To Curse or Not to Curse?

I’m having a bit of a moral dilemma…

I mentioned awhile back that I wanted to try to write a novel this summer. I go back and forth between feeling like this is do-able and feeling like it’s an impossible dream. (For example, the other day I saw an interview with Nicholas Sparks and he said that it always takes him five to six months to write a novel. And here I am, an inexperienced rookie, trying to write one in three to four months. Am I crazy?)

Reading other novels doesn’t really help me make up my mind either. I recently read this one:

gone girl

And when I finished it, I thought, “Nothing I write will ever EVER be at this level.”

But then I see books like this:

totally fabulous

And I wonder, “How on earth did that ever get published?” If she could get her story published, so can I!

And this:

Net Galley pre-approved me to read this title to thank me for registering as a new member on their website. Umm.....thanks? I guess? :-/

Net Galley pre-approved me to read this title to thank me for registering as a new member on their website. Umm…..thanks? I guess? :-/

I just don’t know.

I finally had to stop debating whether or not I could do it and just start writing it, for crying out loud! And I like it so far. I’m not sure if anyone else will…but I like it, and that’s enough for now. And I let my husband read what I’ve written so far (but I couldn’t watch…I squealed in terror just watching him open the laptop, and he was like, “I’m not even reading it yet! I’m just looking at Yahoo Sports!” and I grabbed the car keys and I was like, “I have to get out of here.” I couldn’t even be in the same house as him while I thought he might be reading it. I know if I eventually want to publish the story I’m writing, I’ll have to let people actually read it at some point, but I’m taking baby steps, here.

Anyways, my moral dilemma has to do with using foul language in my story. I’m a Christian and I avoid using curse words. I try my best to use my words to build people up instead of tearing them down (not to say that I don’t slip up and make mistakes). But this is a fictional story, and as I was writing dialogue between my protagonist and a guy who he’s friends with who is kind of a jerk, I couldn’t help but think, “This is too nice. If this were a real live mean guy, he would be using some nastier words.”

But is it okay for me to write down those words? Just for the sake of being realistic?

I’m not talking about throwing f-bombs or anything really horrible in there. I have my limits. And I would never have a character speak in long strings of curse words, because I feel like that starts to distract from the story and it’s not very creative writing.

But in most novels I’ve read, even teen novels that seem to be rated PG as far as subject matter, a few of those words inevitably get thrown in. I hear people talk at work, and when they’re riding the bus and talking on their cell phones. I know how things are in the “real world,” outside of my Christian bubble. I know that if this particular character were a real person, he would talk that way too.

But am I crossing a line that I shouldn’t cross, here? :-/

Categories: Christian Living, Writing | Tags: , , , , | 9 Comments

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9 thoughts on “To Curse or Not to Curse?

  1. As a Christian, I made a decision about my writing a long time ago: unless I am going to write Christian fiction (and I’m not), my characters need to reflect the full range of life. You have to do what you feel comfortable standing before God with.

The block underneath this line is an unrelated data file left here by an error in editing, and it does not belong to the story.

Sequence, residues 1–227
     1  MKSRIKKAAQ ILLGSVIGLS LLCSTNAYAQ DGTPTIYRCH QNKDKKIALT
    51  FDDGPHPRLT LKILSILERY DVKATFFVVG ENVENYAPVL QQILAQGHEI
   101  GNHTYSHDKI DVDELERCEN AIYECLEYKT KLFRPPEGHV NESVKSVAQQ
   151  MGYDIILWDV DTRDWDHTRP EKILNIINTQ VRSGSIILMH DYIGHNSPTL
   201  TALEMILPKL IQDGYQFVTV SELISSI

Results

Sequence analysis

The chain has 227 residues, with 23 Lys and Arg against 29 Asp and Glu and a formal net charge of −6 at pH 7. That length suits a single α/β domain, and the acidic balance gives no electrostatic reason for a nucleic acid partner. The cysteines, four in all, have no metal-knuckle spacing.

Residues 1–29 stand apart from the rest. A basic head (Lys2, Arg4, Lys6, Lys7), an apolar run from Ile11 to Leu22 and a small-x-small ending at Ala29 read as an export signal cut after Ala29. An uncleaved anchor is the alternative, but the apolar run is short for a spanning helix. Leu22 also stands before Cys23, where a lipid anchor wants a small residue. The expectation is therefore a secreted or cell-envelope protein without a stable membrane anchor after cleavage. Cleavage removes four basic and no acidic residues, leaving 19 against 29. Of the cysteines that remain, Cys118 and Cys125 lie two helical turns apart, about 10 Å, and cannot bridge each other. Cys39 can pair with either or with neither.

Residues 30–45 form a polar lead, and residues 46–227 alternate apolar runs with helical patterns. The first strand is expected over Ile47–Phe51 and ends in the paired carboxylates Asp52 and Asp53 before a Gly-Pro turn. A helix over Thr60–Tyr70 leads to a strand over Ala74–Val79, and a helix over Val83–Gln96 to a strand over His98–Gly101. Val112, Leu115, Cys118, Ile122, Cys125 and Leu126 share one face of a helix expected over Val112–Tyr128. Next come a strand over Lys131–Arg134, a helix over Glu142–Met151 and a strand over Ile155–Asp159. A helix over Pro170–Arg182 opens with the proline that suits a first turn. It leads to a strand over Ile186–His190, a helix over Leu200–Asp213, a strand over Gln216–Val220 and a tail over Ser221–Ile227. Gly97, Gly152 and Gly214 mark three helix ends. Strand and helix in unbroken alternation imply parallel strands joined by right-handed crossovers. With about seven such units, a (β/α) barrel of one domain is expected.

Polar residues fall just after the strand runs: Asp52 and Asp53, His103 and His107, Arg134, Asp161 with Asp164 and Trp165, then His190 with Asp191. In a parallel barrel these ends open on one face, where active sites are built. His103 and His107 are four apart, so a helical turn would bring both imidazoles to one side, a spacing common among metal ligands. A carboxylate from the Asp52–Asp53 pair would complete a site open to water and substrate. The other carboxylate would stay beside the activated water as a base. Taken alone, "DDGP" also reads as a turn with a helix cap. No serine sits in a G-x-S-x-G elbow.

• I agree, Andra. I definitely want to have real-life characters, and the characters in my story aren’t necessarily Christian (especially not the one who would be cursing).

  2. Although I’m a Christian, I’ve never considered myself a part of the Christian bubble you mentioned, and I think there are plenty of “real world” people who don’t curse very often. Cursing frequently is a sign of being low class, in my opinion, but maybe that’s what you want to convey about your character.

    You can also get around this by just referring to the curse words rather than saying them (e.g., “after closing his fingers in the door, he let out a couple of choice words”). JK Rowling did this in Harry Potter, and Rick Riordan did that with his Percy Jackson books.

    • That’s true, Christi. I didn’t mean to imply that EVERYONE curses. Even in my story, there’s only one character who might use curse words. The protagonist isn’t necessarily a Christian, but I don’t want him to curse. And great advice, by the way! I didn’t think about just referencing the character using curse words–that might be a perfect solution!

  3. Brandon Reese

    I hope you get published!!!

    Profanity is no better or worse than some of the other ways that we misuse our words. Some of the meanest people I know don’t use profanity and some of the nicest people I know do, but even my friends with a foul mouth swear very little when they’re around me (just from the example I’ve set … we’ve never discussed it).
    Great suggestion, Christi. Rachel, remember that you can be both a “thermometer” and a “thermostat”.

  4. I think Christi suggests a great solution here!

  5. Love Christi’s suggestion! You can imply the cursing without actually typing out the words by describing the behavior and actions. If someone punches a wall, I don’t imagine to myself that they’re singing hymns, so the point would get across and you can be 100% behind everything you put on paper (or monitor – whatev).

  6. I agree! I might need to re-work the dialogue a little, but I like Christi’s suggestion.

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